FCS: How did you come up with theÂ concept for an onlineÂ Girls’ Guide to Paris?
Doni Belau: A friend of mine in publishing has originally suggested–knowing my passion for Paris–suggested that it would be cool to write a book about Paris. That was at the height of the chick lit fad. But when I discussed the project with an editor and literary agent, I was told that nobody would ever publish my book unless I could get on the Today Show.Â That’s when I had the idea for an online guide to Paris geared to women.
FCS: How long did it take for you to put the website together?
Doni Belau: It took about a year to get it together. It was harder than birthing!Â We not only had to put together all all the information, we had to take photographs in every arrondissement. We went over on several trips during the year to get all the information we needed for the site.Â
FCS: You also did an amazing job of getting it known. How did you manage to get up to 330,000 readers a month in such a short time?
Doni Belau: Search Engine Optimization is really important. We did a little bit of advertising.Â We also got featured in the travel section of the Huffington Post. We also spend a lot of time and energy on Twitter and Facebook. We’re on there all the time. We have a social media following, as well as over 4,000 pages of information that people can find in our archives. This blog is really dedicated to people who are travelling and who want alot of information when they plan their trip to Paris.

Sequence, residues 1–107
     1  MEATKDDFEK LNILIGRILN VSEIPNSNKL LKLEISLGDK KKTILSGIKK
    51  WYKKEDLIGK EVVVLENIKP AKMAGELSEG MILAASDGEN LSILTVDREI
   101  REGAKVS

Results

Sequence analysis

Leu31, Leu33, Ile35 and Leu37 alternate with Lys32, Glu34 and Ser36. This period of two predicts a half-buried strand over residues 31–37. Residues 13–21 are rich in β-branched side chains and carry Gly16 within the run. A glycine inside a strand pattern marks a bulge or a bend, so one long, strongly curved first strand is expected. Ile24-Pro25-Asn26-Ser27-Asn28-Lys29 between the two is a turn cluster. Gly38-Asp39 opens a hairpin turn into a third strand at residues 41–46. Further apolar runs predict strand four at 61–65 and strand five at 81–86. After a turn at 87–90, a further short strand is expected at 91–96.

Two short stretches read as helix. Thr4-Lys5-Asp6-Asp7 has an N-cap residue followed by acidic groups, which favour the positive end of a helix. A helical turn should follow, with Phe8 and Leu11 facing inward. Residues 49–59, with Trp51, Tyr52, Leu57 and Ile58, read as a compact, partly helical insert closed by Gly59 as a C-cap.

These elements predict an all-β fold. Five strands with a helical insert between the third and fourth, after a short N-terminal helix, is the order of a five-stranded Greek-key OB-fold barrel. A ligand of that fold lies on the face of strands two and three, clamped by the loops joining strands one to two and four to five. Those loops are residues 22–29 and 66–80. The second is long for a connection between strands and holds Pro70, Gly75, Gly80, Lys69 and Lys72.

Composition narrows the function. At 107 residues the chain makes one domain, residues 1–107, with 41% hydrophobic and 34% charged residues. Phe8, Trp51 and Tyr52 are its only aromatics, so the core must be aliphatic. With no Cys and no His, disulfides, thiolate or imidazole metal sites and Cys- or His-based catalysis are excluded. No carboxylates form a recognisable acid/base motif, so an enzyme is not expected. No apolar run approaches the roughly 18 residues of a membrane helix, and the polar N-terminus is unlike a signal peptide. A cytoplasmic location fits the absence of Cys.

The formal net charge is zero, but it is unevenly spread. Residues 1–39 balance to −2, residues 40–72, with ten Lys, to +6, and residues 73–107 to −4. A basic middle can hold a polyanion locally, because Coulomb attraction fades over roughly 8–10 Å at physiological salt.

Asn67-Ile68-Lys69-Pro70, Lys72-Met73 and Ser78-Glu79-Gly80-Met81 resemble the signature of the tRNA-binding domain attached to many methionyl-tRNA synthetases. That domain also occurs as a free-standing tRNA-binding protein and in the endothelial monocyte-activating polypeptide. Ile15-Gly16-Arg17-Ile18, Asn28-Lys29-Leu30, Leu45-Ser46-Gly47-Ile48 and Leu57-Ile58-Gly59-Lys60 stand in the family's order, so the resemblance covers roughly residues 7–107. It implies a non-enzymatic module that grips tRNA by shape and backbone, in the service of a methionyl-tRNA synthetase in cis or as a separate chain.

FCS: What compelled you to focus exclusively on Paris?
Doni Belau: I think there are several things that make Paris irresistible, and the first of them is great architecture. After, that it’s food–it’s no fun if you can’t get a decent meal, and certainly Paris proves itself everyday when it comes to food. Then there is wonderful shopping and loads of cultural things to do.